The ‘new weather-economy literature’ applies panel methods to examine how weather-related events such as temperature, precipitation and windstorms affect economic outcomes such as output, labor productivity and conflict. By capturing exogenous variation in weather related events over time within a given spatial unit, the literature helps inform classic issues of economic development and especially the role of geographic features in influencing development paths. This in turn contributes to the debate over the competing explanations of institutions and geography in explaining economic development. Overall, this literature establishes that temperature, precipitation and extreme weather events exert economically meaningful and statistically significant influences on a variety of economic outcomes. A key finding is that panel estimates tend to predict economically and statistically significant negative impacts of hotter temperatures on per-capita income but only for poor countries.
A branch of this literature examines the effects of natural disasters on economic growth. In a technical sense, natural disasters have the same appeal as other weather related shocks in that they are exogenous. Natural disasters are distinguished from other weather related shocks in that they are more destructive. This feature provides a reasonably straightforward connection to the predictions of growth theory in that the destruction of capital leads initially to an inward shift of the production possibility frontier and so a sharp contraction of growth, but then a recovery process during which the growth rate may be higher than that in the steady state. Yet there are many subtleties that are amenable to econometric testing. For example, models based on Schumpeter’s creative destruction process may even ascribe higher growth as a result of negative shocks, as these shocks can be catalysts for reinvesting and upgrading of capital goods. On the other hand, endogenous growth models that exploit increasing returns to scale in production generally predict that a destruction of part of the physical or human capital stock result in a lower growth path and, consequently, a permanent deviation from the previous growth trajectory. Also, economic openness that allows for an inflow of capital from abroad and good institutions that can be used effectively to defend property rights should all speed up the recovery process. Here a consensus appears to be emerging that the initial impact of a shock on growth is indeed negative and that this is followed by a recovery phase during which growth accelerates. Moreover, better institutional quality, greater openness to trade, and greater financial openness all help support faster recovery. In future research, the new datasets on weather related shocks and natural disasters could be fruitfully applied to many other questions, including the relation between disasters and trade patterns, migration patterns, poverty and inequality.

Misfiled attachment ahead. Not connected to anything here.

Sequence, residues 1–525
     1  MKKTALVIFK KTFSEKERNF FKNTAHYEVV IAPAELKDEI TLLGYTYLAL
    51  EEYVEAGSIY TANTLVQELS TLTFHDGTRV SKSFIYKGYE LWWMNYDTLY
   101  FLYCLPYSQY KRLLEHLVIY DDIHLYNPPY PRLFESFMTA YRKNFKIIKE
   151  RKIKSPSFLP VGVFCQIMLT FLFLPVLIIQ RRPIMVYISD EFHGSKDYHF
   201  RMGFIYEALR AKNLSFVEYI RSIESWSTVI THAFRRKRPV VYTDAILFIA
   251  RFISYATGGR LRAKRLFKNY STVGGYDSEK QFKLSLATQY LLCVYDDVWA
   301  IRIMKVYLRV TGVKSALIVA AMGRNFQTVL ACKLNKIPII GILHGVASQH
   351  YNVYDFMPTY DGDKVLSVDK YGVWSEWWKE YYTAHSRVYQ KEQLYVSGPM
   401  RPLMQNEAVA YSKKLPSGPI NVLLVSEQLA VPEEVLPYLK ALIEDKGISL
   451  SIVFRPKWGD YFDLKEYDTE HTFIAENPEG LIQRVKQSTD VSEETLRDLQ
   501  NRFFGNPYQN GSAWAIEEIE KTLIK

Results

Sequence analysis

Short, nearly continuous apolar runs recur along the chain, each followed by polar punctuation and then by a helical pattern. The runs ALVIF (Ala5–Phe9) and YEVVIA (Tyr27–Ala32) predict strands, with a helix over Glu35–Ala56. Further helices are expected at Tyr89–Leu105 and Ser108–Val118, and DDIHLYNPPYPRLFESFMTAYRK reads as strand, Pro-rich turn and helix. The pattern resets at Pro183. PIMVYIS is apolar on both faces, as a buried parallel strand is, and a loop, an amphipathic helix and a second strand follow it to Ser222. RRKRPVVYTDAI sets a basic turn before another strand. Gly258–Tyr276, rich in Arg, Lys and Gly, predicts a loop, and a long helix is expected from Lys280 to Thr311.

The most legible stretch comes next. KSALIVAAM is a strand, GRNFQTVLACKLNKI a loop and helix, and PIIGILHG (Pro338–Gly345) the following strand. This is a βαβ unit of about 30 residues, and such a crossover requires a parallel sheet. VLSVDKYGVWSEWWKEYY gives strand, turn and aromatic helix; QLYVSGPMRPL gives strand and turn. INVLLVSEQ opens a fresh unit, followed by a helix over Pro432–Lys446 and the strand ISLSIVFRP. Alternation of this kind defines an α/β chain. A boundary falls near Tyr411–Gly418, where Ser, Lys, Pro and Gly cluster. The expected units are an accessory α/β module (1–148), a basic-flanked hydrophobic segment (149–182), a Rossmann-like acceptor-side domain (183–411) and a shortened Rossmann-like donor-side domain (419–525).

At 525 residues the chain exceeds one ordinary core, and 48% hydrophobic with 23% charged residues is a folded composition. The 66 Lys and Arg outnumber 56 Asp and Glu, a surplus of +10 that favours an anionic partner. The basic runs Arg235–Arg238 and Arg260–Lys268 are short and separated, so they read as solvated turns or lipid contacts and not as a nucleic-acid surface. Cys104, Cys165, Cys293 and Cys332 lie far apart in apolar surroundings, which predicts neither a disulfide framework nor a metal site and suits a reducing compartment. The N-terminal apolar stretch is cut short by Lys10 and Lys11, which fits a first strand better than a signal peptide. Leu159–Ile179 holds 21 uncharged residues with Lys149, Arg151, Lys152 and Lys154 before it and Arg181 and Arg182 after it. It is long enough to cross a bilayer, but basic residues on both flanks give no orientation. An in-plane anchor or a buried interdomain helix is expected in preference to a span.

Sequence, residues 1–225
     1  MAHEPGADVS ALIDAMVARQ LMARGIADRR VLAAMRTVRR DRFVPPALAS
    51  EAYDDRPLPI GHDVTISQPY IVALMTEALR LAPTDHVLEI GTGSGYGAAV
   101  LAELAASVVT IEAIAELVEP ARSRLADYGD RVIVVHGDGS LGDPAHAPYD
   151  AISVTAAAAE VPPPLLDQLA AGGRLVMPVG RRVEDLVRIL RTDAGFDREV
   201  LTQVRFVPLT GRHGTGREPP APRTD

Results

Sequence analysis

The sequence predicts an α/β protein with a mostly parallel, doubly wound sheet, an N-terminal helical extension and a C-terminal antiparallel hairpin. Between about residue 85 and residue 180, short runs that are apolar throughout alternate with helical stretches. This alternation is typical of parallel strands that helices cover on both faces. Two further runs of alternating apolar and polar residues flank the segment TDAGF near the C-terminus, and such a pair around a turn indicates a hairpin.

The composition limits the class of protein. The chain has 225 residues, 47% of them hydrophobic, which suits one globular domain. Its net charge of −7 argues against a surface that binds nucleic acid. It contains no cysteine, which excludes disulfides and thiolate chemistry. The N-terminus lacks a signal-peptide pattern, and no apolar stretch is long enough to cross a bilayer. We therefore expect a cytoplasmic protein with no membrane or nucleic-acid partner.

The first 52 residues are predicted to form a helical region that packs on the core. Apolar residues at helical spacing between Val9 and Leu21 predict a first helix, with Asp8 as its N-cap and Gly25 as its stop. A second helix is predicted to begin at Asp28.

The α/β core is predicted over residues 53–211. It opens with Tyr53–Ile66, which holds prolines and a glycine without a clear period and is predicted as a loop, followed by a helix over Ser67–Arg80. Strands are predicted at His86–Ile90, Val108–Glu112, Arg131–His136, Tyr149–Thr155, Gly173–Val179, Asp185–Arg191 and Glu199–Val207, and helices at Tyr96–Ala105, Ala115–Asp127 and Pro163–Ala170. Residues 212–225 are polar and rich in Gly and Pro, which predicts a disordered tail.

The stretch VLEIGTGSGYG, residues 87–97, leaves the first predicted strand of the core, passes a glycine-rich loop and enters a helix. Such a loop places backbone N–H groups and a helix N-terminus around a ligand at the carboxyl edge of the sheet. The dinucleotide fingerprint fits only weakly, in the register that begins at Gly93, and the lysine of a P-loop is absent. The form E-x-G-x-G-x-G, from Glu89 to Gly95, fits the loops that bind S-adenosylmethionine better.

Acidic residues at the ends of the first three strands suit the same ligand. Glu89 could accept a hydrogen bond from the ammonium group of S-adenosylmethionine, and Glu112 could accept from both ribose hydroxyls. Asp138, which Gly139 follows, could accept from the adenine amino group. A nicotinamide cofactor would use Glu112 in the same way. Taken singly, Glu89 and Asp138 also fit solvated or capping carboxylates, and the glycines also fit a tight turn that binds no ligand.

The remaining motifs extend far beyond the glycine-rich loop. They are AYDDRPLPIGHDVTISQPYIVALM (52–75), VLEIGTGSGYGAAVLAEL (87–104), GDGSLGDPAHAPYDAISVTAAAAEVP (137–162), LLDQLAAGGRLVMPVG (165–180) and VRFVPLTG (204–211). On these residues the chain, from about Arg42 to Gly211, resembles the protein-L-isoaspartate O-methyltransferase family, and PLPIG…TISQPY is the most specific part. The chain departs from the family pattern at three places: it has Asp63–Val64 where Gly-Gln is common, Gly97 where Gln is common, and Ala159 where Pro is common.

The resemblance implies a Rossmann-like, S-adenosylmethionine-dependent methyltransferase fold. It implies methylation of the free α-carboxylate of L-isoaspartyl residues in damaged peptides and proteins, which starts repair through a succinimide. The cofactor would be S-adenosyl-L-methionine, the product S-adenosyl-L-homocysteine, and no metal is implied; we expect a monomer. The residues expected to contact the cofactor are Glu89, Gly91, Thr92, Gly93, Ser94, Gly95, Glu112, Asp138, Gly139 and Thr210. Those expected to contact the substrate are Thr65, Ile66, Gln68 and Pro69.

Albala-Bertrand, J.-M., (1993); Political Economy of Large Natural Disasters. Oxford, Clarendon Press.
Cavallo, E., S. Galiani, I. Noy, and J. Pantano, (2013); “Catastrophic Natural Disasters and Economic Growth.” Review of Economics and Statistics, 95(5): 1549–1561. [Working paper version]
Dell, M., B.F. Jones, and B.A. Olken, (2012); “Temperature Shocks and Economic Growth: Evidence from the Last Half Century.” American Economic Journal: Macroeconomics, 4(3): 66-95. [Working paper version]
Dell, M., B. Jones, and B. Olken, (2014); “What Do We Learn from the Weather? The New Climate-Economy Literature.” Journal of Economic Literature, 52(3): 740-798. [Working paper version]
Felbermayr, G., and J. Gröschl, (2014); “Naturally Negative: The Growth Effects of Natural Disasters.” Journal of Development Economics, 111: 92-106. [Working paper version]
Miguel, E., S. Satyanath, and E. Sergenti, (2004); “Economic Shocks and Civil Conflict: An Instrumental Variables Approach.” Journal of Political Economy 112(4): 725-753. [Working paper version]